It took me a minute to snap out of my disappointment regarding the way the secondary characters were painted in this episode. Even those with the briefest appearances made remarkable, self-contained impacts last season, while Petua and her son, Frank, feel diminished to easy symbols of seminar-going hippie-weird and socially-backwards turtle-neck-wearing-weird. But they are in service to the story. It's a new way for Girls to use characters, and it's a more typical way. They are purely a way to bring out things in and about Jessa and Hannah, which is very television, as opposed to the real-world way the characters interacted with or failed to respond to the real people that populated the last season.
In Petua's initial discussion with Hannah, she declares her "the cushion." Hannah absolutely knows what this role is like - she even yelled at Marnie in episode thirteen about how sick she was of being her cushion, although she didn't use the word - but here she tells Petua this is new for her. I think Hannah's probably divorced what being a friend to Marnie is versus what being a friend to Jessa is, even though the moments where she blurred those lines and just allowed for the level of intimacy that both Jessa and Marnie ONLY enjoy with Hannah, it was for the good of all.
Jessa tells her dad Thomas-John said, "Let's cool this." Then he said, "Let's dead this." She speaks idiosyncratically with her dad. Jessa does not perceive herself as worth love, but she can recognize that she is worth work, and that's what she understands and is comfortable with, and in that, she's a lot like Adam. And Hannah is accepting of her brand of difficult.
Last season, Jessa's most developed relationship was with Jeff, the father of the girls she babysat. He was a flaky, preoccupied dad who, in lieu of getting to know Jessa well, projected onto her, and the extent to which this has widened the hole that caused her marriage to Thomas-John is made clearer by this example of how she and her father interact. On some level, he tells her, you wanted the marriage not to work, just like Catherine tells Jessa that she does what she does on purpose to avoid being who she really is. Both points of view are patronizing mistakes.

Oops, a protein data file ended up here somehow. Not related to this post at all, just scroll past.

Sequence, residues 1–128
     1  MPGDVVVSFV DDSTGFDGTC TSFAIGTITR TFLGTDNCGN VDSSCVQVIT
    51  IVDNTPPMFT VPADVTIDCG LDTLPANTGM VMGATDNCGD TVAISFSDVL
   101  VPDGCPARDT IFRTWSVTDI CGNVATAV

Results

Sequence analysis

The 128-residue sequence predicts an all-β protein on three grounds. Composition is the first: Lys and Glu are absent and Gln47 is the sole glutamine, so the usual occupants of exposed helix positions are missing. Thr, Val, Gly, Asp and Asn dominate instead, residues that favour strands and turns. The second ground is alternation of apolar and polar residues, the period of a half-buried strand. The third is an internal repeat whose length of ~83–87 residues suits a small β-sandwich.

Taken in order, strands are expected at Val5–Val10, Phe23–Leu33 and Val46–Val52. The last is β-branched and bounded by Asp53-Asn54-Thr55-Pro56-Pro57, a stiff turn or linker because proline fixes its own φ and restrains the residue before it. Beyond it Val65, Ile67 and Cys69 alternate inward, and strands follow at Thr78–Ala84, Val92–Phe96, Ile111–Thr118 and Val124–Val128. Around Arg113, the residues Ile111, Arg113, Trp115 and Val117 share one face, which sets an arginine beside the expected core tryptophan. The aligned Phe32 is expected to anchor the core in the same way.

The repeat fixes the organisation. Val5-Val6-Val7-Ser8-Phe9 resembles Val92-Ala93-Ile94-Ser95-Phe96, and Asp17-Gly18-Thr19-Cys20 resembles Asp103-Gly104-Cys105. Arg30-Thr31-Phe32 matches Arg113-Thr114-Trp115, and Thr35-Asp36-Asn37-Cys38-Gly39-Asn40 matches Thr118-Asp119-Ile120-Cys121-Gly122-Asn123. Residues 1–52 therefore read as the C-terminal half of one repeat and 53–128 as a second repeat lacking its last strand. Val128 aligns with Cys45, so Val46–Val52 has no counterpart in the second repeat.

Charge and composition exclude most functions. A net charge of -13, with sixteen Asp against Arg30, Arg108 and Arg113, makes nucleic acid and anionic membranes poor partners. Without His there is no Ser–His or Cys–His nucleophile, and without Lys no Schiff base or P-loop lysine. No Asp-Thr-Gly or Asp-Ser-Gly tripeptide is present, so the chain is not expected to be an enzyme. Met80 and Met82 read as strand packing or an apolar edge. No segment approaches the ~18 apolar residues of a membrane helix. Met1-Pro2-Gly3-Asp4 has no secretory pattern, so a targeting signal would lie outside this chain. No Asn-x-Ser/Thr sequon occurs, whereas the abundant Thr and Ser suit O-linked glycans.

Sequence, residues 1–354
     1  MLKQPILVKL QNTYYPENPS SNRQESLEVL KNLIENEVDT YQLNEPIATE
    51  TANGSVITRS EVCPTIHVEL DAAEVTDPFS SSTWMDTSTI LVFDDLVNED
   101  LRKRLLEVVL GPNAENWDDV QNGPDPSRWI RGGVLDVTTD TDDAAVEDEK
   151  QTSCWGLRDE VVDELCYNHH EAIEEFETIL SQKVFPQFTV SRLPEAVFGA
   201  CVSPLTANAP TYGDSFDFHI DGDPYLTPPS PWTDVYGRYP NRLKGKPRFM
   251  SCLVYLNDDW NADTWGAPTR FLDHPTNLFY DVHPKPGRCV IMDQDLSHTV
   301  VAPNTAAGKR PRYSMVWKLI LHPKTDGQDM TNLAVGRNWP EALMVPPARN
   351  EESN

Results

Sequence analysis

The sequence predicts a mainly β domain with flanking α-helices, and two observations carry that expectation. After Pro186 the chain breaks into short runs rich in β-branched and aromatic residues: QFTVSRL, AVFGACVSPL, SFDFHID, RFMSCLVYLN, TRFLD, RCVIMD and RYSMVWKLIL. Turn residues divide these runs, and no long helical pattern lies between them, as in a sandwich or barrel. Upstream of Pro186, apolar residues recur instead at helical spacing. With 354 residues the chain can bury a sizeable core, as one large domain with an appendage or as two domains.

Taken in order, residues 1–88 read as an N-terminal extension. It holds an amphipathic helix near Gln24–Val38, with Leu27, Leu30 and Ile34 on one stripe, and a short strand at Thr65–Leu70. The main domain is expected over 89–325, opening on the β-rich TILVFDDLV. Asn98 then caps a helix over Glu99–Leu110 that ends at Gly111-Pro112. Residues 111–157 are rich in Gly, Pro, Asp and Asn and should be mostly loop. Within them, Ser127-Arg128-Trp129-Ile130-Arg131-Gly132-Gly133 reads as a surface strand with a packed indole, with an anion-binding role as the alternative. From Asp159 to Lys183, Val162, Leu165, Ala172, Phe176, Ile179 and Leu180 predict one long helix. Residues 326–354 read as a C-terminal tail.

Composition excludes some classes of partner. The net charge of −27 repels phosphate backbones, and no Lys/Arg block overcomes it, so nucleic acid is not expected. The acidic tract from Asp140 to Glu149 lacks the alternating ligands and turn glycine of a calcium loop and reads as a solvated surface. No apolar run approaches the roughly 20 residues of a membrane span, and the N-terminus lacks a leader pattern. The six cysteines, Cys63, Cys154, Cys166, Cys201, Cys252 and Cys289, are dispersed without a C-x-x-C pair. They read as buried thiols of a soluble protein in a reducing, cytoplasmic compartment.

III. The most noble thing a woman can do
In their filthy room - the set dressing is mind-blowing to me here, it is exactly the condition of the beach house I grew up visiting; I can feel the moisture in the air - Hannah and Jessa talk about boys. Hannah can't tell if it's appropriate or not to be interested in Frank, and I like that she defers to Jessa on what qualifiers she should use in judging his attractiveness. And I love how she doesn't truly heed what Jessa says.
Jessa finds a Penthouse from '79, very much implied to be Jessa's father's. Her casualness about it suggests that this is by no means the first or even one of a few times Jessa's found her dad's spank bank. A brief aside about emotional incest: what Jessa says here and what she tells her dad later while they're on the swing-set together seem to contradict one another, but all the dots are here to be connected. If Jessa grew up finding these magazines and probably other things to which her dad devoted considerable time, then she would perceive the women who populate them as doing something positive for her dad, and that's why she believes they do a great service - "the most noble thing a woman can do" - and it's something Jessa can't do. She can't be what those women are to her father, but the pressure is there psychically because, A) I'm sure Jessa does not have the perspective (who does? Who should? Nobody should) to recognize this and tell her father this so they can clear the air, so it's all sitting inside her, B) it sounds outright incestuous, but that's because there is no alternative: she doesn't see another way to love and be loved, C) her father has really abandoned her, making those stakes seem even greater: for all we know and for all they've communicated (and, like Jessa said, communication with him is so sparse, she took a garble of numbers and letters to mean "come see me"), him telling her she could be more there for him could have sexual implications. Again, that doesn't mean he's ever abused her, the audience isn't provided that information: the audience is provided with more than enough information to conclude that they certainly don't have even the makings of a healthy relationship. There is real damage here.